My wife and I were married for 24 years then out of the blue she told me she wanted a divorce. That was almost 20 years ago. I have asked her time and time again, “why”, and all she can say is “you know why.” I’m having a difficult time trying to understand and put all of this together. I have been to counseling and tried other ways to cope with this. I just want closure. What do you suggest? I see my ex-wife from time to time and especially at family gatherings, but I feel nauseous when I’m there and see her. She took me for everything during our divorce. I know I am supposed to forgive her and that’s what the Savior would have me do but it has become very difficult. I just want a life back.


I’m sorry to hear about the pain and confusion you’ve experienced since your wife asked for a divorce almost 20 years ago. It sounds like you’ve been working hard to understand and process what happened, but you’re still struggling to find closure and move forward. Let’s explore some ideas that may be helpful for you.

I want to acknowledge the pain that you are experiencing. Divorce can be one of the most difficult experiences a person can go through, especially when it comes unexpectedly and without explanation. It is completely normal to feel overwhelmed and lost in this situation. I understand that after 20 years, you have expected to feel much differently. I agree that this is a long time to not have the closure you are seeking. Even though there’s no timeframe on grief, it’s understandable that you would expect things to feel differently in your life after this much time.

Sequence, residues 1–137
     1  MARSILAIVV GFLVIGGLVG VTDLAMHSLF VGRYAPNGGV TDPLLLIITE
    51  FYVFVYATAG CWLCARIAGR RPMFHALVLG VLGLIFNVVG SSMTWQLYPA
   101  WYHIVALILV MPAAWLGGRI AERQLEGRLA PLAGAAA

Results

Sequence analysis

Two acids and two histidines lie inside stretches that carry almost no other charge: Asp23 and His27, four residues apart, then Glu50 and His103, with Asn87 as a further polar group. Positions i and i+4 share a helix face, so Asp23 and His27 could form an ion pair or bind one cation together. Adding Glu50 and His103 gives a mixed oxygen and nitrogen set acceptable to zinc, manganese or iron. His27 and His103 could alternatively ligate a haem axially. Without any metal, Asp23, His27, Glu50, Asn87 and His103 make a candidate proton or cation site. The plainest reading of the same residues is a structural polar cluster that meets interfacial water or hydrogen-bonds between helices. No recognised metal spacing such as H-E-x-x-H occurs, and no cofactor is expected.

Let’s first address your feelings of nausea and discomfort around your ex-wife. It’s understandable that seeing her brings up difficult emotions, but it’s also important to take care of yourself in these situations. If being around her is too difficult, consider limiting your interactions or finding ways to cope with the discomfort, such as focusing on positive aspects of the gathering, bringing someone with you, or finding a trusted support person to talk to. It can also be helpful to do trauma therapy, such as EMDR or ART, so you can help your body release the sensations in reactivity you experience in her presence.

As you well know, closure may not come in the way you hope or expect it to. You may never fully understand why your wife wanted a divorce, and that’s okay. Sometimes, people make decisions that are difficult to explain, even to themselves. It’s also possible that your wife may not be able to articulate her reasons in a way that satisfies you. This doesn’t mean you can’t find peace and healing, but it may require letting go of the need to have all the answers. It is possible to heal without having all the answers. Healing from ambiguous loss is challenging, but it’s possible. Taking care of your body is essential so you don’t stay in a fight or flight state as a way to protect you from uncertainty and unpredictability.